The Cape Leopard Trust - Using research as a tool for conservation & finding solutions to human-wildlife conflict

Cape Leopard Conservation Area (CLCA)

A voluntary conservation and responsible management initiative facilitated by The Cape Leopard Trust, in partnership with conservation bodies and private landowners.

The Cape Leopard Conservation Area (CLCA) is a Cape Leopard Trust initiative focussed on the mountain ranges of the Western Cape. Phase 1 of the project will focus on the Boland region surrounding Cape Town.

CLCA map

Purpose (What?): The CLCA initiative aims to complement, expand and link existing physical conservation areas as well as statutory and public conservation actions.

Motivation (Why?): A significant proportion of South Africa’s biodiversity resides in the hands of private landowners. Private land surrounding core protected areas in the Boland supports a plethora of animal species, including the elusive Cape mountain leopard. The conservation of this peripheral habitat, the promotion of sustainable land-use and harvesting practices, and instilling a consciousness and appreciation for biodiversity among the general public all play a key role in the long-term survival of leopards, their prey and their habitat, ensuring overall habitat integrity.

Main attributes (How?): The three components of the CLCA initiative are:

  1. Public awareness & environmental education
  2. Research
  3. Voluntary conservation stewardship

Scientific Research

The Cape Leopard Trust facilitates and conducts research on predator ecology, human-wildlife conflict, as well as applicable broader faunal research.

  • A telemetry study investigating the effects of landscape fragmentation, human habitation and habitat alteration on leopard movement and habitat use
  • A pilot study into the extent and drivers of illegal hunting with wire snares in the Boland area

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Voluntary Conservation Stewardship

The Western Cape’s historical Protected Area network alone does not adequately protect the majority of local ecosystems or biodiversity. Conservation bodies have identified the need to expand the Protected Area network, particularly as most of the province’s biodiversity lies within private ownership, enjoying very little legislative protection.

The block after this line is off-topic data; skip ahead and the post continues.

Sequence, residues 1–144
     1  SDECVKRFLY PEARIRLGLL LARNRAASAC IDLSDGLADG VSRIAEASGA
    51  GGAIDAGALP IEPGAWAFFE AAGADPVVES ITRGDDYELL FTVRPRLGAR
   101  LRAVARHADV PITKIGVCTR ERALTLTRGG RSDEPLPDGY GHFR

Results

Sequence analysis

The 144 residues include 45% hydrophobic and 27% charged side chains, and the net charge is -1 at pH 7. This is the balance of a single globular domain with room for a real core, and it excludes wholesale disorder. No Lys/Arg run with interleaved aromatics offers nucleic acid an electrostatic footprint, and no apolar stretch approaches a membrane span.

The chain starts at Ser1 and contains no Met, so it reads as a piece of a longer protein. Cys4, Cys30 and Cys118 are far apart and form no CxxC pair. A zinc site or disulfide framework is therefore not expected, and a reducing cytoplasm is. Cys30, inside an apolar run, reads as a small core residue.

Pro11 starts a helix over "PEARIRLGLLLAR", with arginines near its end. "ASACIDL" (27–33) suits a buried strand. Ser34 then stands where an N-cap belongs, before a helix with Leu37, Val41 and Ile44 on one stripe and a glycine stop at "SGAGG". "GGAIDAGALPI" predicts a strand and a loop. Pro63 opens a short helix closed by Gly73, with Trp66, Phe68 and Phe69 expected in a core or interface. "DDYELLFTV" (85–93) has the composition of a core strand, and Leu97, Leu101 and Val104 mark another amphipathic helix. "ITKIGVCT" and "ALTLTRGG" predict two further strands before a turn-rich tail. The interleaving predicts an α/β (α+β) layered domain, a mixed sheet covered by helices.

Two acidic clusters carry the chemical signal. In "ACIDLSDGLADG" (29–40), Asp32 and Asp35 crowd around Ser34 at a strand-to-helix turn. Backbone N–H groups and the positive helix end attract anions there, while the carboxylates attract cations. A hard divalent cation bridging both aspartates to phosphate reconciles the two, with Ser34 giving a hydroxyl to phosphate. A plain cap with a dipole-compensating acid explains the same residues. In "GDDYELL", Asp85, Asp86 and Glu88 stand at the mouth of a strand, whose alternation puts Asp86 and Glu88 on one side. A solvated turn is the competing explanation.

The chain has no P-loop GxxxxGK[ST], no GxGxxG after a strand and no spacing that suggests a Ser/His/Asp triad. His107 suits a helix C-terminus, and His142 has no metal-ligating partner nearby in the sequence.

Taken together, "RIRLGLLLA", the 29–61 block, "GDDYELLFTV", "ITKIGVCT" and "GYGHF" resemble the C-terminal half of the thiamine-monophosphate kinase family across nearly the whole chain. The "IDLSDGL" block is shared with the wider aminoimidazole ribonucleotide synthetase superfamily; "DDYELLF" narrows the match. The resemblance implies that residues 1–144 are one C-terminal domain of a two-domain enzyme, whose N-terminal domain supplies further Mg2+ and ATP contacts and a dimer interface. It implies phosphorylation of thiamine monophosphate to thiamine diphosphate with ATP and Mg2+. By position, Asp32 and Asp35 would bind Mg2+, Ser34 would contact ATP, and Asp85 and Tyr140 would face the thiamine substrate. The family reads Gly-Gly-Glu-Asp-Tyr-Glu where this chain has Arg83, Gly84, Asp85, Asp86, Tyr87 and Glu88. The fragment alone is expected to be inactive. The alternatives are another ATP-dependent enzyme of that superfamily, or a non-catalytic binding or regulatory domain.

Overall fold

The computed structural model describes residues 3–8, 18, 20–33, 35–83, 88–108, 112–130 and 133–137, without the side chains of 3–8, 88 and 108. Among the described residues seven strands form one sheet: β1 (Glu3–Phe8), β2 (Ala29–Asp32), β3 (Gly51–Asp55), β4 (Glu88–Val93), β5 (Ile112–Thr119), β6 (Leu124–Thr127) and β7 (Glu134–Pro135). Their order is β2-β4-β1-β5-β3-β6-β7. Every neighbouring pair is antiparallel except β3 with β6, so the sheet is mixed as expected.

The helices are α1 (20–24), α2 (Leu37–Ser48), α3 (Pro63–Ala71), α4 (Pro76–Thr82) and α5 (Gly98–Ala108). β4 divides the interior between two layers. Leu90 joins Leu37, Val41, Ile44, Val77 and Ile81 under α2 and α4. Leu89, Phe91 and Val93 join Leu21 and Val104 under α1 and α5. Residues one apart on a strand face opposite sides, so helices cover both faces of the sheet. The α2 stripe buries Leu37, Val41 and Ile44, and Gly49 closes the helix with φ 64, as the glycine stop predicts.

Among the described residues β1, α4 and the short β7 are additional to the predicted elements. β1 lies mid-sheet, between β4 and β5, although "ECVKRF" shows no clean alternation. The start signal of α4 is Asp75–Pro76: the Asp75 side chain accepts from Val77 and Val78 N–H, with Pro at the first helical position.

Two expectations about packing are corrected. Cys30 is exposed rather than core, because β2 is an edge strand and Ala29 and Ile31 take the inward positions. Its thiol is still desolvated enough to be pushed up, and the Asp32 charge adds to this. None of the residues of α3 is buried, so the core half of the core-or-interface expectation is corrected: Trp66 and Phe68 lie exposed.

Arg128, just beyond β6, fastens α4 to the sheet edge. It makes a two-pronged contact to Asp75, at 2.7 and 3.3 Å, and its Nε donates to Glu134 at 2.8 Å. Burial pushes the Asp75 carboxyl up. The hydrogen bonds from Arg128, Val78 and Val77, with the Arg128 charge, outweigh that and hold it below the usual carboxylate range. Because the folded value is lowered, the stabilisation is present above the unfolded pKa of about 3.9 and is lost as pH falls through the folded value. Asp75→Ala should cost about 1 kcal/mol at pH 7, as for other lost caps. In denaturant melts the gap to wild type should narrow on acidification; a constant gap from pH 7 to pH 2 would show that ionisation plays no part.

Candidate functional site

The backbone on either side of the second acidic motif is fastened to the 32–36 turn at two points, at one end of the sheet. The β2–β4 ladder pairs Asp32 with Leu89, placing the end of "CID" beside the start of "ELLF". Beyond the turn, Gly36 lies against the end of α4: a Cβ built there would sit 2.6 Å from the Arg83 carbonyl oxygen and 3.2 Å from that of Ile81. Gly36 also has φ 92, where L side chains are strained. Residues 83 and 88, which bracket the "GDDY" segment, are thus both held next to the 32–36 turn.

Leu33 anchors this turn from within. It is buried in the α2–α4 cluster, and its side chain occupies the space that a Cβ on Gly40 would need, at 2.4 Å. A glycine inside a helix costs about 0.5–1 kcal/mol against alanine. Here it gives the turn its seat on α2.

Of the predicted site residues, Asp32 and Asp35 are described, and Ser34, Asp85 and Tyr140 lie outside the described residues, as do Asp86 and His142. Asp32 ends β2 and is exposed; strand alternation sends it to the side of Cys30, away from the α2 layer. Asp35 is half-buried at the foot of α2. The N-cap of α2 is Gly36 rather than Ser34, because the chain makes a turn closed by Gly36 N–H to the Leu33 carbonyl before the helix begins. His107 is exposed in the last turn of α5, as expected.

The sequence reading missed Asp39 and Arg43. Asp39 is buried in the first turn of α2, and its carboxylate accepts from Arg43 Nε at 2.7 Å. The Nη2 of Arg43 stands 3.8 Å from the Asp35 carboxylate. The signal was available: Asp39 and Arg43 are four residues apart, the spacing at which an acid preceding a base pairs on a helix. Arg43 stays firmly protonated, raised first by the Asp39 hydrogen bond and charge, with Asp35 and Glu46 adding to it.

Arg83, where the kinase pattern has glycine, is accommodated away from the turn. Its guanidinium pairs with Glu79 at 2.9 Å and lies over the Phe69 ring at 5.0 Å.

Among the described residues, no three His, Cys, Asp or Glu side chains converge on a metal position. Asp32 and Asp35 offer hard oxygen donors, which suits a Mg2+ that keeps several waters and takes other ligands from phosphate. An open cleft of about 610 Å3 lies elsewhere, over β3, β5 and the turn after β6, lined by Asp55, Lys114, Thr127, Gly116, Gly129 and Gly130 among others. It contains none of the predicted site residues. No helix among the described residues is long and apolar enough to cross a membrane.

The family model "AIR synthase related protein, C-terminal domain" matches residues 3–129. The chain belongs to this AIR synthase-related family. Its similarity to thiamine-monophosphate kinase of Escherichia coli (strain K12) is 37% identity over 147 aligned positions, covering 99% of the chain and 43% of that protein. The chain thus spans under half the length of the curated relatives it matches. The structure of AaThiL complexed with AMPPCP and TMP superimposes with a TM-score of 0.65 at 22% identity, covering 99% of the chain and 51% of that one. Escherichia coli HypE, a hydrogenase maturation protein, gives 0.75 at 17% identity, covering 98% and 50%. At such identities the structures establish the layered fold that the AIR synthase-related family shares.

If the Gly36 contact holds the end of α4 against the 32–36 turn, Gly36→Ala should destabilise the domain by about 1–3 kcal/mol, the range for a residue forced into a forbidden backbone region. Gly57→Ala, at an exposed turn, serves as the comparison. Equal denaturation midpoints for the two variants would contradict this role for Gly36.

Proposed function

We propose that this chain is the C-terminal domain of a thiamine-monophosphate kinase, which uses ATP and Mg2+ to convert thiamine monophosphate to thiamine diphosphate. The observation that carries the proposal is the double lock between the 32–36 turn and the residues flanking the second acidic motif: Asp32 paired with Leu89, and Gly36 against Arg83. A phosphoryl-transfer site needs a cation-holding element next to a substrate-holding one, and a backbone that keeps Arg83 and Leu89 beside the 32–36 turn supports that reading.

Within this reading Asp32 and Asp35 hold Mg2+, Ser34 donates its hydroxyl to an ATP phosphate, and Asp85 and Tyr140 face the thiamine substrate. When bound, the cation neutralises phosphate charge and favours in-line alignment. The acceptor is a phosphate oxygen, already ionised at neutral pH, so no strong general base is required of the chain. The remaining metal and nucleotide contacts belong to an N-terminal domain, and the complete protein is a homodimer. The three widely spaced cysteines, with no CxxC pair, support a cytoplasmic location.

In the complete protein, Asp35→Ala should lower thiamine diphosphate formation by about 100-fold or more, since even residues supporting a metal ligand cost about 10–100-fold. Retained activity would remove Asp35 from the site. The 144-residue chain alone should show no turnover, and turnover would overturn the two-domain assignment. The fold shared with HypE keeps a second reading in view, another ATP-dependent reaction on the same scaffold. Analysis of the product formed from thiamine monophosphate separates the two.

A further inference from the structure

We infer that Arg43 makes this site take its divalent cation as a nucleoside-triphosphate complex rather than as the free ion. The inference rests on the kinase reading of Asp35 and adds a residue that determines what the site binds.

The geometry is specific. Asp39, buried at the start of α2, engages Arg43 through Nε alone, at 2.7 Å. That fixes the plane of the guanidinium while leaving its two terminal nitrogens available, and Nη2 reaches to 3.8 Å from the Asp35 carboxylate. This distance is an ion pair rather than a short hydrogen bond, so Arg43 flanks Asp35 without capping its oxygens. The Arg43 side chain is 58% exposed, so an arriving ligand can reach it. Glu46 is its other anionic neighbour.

A key means to achieve this is via the Stewardship Program, where Critical Biodiversity Areas (CBA’s) on private property is secured for protection in collaboration with private landowners. Landowners maintain ownership of the land but undertake to protect and manage their property or part thereof according to sound conservation management principles.

In return the protected area agency supports this management by, for example, providing advice, management plans and assistance in planning alien clearing and fire management schedules. Due to limited resources priority is given to properties falling within or containing CBA’s.

The Cape Leopard Trust aims to facilitate and recognise conservation stewardship by all landowners outside of defined CBA’s. Once a landowner has signed up to be part of this project, there needs to be follow-up to ensure that the agreements entered into are honoured. Aspects will include voluntary agreements to

a) pledge undeveloped land on private property to remain in its natural state;
b) rehabilitate previously cultivated land no longer in use;
c) commit to a zero tolerance no-snaring policy;
d) commit to alien clearing.

Strategic Partners

The CLCA initiative is built on sound working relationships, communication and information sharing with partners in conservation. Our partners include:

  • Cape Nature
  • City of Cape Town Biodiversity Management
  • Cape Winelands Biosphere Reserve
  • Kogelberg Biosphere Reserve
  • Conservation at Work
  • WWF (Biodiversity & Wine Initiative; Sustainable Fruit Initiative)
  • Conservation South Africa (Green Choice Alliance)
  • Participating private landowners

The Cape Leopard Trust Trapping Techniques

icon no trapShort overview of three trapping methods considered by the Cape Leopard Trust as safe and humane: Cage traps, Foot loop traps or Foot snares, Soft-catch traps, References to relevant scientific literature.

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Latest News Updates

  • Leopard hit by car in Bainskloof - Death of BM30

    Leopard hit by car in Bainskloof - Death of BM30

    On Thursday 16 Feb 2017, a leopard was hit by a car in Bainskloof Pass near Wellington. The animal sustained severe injuries, including a broken back as well as internal trauma, and sadly had to be put down. The Cape Leopard Trust Boland Project was notified of the incident by partner organisation CapeNature,…
    Written on Tuesday, 21 February 2017 11:39
  • Vacancy: Community Outreach Officer in the Cederberg

    Vacancy: Community Outreach Officer in the Cederberg

    The Cape Leopard Trust is seeking to appoint a suitably qualified Community Outreach Officer to manage its community outreach programme in the Cederberg district and run its environmental education camps at Matjiesrivier Nature Reserve in the Cederberg. The successful candidate will be physically fit, will have experience in establishing and managing community development…
    Written on Tuesday, 14 February 2017 14:56

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